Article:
Caleb Spruill, an honor roll student who suffers from asthma and an autoimmune deficiency, didn’t go to school for a week in December.
It wasn’t because the second-grader was sick.
Caleb stayed home because there was no one at his school to administer his medicine properly, his mother, Melody, said.
The Prince George’s County school system has been aggressively trying to recruit more school nurses to address a staffing shortage that has existed since last year. The county does not have a permanent, full-time school nurse assigned to roughly 10 percent of its schools.
Karen Bates, supervisor of the office of health services, said the county has lost nurses through attrition, retirements and to hospitals and other medical facilities that can offer higher salaries.
But, Bates said, the school system has managed to cut its vacancies in half, hiring about 20 school nurses in the past three months.
Even as the county hires new nurses, it is weighing whether registered nurses and licensed practical nurses are the only ones who should staff school nurse offices.
“The school system is currently evaluating its current nursing structure,” said Briant Coleman, a spokesman for the school system.
Coleman said some school systems hire nurse’s aides who are assigned to individual schools and are supervised by a registered nurse, who is in charge of a region that includes several schools.
“That would tackle the issue of compensation and the competitive market that we’re in,” Coleman said.
Spruill, who recently transferred her son to Kingsford Elementary School in Mitchellville, said she has become frustrated with the system’s inability to provide the services her son needs to get an education.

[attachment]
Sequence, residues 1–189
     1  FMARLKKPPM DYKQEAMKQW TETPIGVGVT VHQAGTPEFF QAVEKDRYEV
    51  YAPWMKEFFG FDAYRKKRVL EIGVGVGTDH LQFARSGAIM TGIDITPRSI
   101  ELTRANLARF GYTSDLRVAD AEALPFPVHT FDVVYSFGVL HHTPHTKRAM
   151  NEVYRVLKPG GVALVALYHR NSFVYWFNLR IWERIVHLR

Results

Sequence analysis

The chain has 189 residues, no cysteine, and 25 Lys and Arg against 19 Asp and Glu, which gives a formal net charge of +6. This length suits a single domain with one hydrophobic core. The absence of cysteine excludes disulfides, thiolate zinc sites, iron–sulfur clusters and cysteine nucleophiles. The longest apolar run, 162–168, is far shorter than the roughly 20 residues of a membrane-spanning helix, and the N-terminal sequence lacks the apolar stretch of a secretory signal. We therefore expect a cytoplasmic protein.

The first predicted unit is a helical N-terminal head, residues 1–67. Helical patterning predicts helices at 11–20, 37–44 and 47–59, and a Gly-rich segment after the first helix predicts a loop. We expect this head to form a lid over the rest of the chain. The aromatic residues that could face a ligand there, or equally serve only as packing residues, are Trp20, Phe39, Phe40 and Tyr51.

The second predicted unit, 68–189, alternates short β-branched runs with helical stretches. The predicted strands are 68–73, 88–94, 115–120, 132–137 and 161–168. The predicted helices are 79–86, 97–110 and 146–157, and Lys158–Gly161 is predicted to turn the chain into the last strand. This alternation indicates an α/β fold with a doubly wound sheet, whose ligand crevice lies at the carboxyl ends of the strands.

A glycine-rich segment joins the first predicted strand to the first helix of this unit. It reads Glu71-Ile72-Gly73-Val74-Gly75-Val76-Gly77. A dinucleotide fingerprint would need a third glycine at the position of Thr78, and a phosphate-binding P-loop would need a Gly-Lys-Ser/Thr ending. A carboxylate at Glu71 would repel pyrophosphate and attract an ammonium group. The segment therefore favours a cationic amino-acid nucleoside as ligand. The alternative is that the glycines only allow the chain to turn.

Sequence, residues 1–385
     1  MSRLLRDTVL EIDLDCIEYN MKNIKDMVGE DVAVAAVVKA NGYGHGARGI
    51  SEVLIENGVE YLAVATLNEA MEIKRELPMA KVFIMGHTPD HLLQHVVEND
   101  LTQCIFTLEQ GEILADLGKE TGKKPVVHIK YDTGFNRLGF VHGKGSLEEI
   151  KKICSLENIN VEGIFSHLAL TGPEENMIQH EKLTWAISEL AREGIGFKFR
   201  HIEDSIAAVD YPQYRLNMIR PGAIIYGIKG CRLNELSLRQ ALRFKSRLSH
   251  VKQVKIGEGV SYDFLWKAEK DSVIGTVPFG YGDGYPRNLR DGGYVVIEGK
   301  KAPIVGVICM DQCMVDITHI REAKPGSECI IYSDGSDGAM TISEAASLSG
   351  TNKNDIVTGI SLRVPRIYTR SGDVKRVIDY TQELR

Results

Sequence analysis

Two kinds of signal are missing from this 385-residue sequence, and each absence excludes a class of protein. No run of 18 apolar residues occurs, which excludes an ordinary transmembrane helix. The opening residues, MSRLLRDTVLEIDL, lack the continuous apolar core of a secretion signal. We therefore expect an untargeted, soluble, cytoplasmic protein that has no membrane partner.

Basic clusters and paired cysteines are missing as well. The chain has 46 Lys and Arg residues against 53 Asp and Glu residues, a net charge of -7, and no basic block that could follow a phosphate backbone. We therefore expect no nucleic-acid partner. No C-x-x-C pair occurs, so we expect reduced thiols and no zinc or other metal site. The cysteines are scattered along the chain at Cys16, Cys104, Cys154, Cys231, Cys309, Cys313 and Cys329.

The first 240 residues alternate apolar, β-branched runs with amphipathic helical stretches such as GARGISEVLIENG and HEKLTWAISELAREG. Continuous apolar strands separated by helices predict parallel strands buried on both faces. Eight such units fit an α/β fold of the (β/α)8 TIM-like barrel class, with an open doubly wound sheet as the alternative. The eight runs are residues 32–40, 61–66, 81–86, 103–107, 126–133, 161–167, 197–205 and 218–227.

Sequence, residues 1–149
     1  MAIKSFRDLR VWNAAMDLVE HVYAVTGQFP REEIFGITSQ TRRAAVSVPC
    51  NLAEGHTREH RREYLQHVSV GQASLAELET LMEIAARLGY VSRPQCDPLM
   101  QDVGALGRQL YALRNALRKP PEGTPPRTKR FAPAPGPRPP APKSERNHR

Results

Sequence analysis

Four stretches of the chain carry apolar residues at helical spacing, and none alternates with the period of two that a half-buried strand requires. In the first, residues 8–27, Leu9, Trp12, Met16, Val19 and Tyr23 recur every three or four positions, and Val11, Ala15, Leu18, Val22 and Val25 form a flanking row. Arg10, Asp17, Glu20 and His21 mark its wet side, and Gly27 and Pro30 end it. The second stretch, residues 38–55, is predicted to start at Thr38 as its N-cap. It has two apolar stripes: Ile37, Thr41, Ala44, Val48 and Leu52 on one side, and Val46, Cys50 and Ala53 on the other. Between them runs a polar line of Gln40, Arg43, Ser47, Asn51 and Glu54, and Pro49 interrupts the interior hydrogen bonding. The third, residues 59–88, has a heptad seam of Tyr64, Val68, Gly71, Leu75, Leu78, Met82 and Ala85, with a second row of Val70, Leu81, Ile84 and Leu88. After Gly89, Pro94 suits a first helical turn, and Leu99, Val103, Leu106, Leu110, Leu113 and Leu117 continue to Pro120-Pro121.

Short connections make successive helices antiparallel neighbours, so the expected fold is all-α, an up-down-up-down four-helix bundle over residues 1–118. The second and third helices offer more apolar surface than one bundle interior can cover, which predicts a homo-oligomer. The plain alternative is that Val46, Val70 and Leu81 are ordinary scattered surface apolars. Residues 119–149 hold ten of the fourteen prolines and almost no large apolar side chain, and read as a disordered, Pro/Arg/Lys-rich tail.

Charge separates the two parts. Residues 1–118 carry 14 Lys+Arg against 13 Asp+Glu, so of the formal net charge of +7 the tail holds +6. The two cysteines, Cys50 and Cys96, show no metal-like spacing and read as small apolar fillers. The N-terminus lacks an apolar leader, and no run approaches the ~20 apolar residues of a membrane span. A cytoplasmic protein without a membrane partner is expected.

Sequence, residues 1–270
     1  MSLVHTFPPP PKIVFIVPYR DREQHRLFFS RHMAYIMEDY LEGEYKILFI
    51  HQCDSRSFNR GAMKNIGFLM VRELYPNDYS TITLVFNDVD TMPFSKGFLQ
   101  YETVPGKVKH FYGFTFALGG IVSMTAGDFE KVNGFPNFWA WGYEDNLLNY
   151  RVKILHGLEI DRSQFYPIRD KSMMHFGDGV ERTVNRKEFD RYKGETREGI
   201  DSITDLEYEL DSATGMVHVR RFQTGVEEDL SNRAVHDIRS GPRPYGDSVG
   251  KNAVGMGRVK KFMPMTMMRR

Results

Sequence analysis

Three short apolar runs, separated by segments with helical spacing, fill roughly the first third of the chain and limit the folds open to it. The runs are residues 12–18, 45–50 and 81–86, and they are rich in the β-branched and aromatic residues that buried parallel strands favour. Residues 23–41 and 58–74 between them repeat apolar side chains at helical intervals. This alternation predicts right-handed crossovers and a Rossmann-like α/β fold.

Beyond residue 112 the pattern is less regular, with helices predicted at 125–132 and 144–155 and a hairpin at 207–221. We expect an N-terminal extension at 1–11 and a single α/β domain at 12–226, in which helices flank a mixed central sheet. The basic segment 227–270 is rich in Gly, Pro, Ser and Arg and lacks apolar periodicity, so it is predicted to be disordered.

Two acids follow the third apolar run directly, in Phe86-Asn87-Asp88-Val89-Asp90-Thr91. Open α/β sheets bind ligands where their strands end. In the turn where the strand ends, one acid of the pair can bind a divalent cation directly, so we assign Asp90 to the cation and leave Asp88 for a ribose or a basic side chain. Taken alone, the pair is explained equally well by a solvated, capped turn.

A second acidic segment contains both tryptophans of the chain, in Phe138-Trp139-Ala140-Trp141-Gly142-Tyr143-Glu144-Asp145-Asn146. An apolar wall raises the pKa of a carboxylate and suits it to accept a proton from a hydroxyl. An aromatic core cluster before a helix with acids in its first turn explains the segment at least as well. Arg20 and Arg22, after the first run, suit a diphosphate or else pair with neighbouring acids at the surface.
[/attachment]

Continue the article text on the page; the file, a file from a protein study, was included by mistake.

“He wanted to go to school, but because there is no nurse there, I’m not comfortable with it,” she said. “Am I supposed to send him to school and he goes into anaphylactic shock because he doesn’t have a nurse?”
Bates said various school systems assign nurses based on the needs of the student population, which is the policy that Prince George’s follows. Some schools receive registered nurses; others have licensed practical nurses, she said.
“We are a large county with over 200 schools, and the medical needs of our children are very complex,” Bates said.
To temporarily address the shortage, Bates said that officials might ask some nurses assigned to one school to go to another to treat a student. The system also has filled holes with substitute nurses, bringing back nurses who worked for the system in the past.
“We do what we need to address the student’s needs,” Bates said.
Spruill said she learned in a letter from the school system in December that the “goal is to have a school nurse in place mid-January.” Though the office of health services has a nurse manager available daily to provide direction to school staff, and a nurse at a nearby school to provide coverage, Spruill said she believes it isn’t enough.
“We can do better,” Spruill said. “We’re talking about children’s lives.”